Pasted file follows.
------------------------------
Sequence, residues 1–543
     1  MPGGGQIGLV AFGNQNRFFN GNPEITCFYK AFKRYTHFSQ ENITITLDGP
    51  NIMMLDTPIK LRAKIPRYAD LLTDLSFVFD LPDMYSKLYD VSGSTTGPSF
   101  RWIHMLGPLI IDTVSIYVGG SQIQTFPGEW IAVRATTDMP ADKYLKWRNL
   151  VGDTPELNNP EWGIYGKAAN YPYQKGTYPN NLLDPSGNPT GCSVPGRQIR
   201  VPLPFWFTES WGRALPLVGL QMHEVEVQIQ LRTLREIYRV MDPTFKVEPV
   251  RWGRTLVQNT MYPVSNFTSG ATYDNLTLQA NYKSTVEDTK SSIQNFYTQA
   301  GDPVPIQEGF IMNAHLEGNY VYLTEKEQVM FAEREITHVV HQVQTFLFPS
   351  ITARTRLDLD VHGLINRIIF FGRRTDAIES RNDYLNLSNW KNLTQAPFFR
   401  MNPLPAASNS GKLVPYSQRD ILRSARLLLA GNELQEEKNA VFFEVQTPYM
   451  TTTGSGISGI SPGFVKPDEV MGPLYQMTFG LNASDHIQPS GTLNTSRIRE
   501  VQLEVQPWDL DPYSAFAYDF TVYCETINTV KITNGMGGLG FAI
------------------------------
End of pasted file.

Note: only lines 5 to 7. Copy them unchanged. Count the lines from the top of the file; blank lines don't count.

   151  VGDTPELNNP EWGIYGKAAN YPYQKGTYPN NLLDPSGNPT GCSVPGRQIR
   201  VPLPFWFTES WGRALPLVGL QMHEVEVQIQ LRTLREIYRV MDPTFKVEPV
   251  RWGRTLVQNT MYPVSNFTSG ATYDNLTLQA NYKSTVEDTK SSIQNFYTQA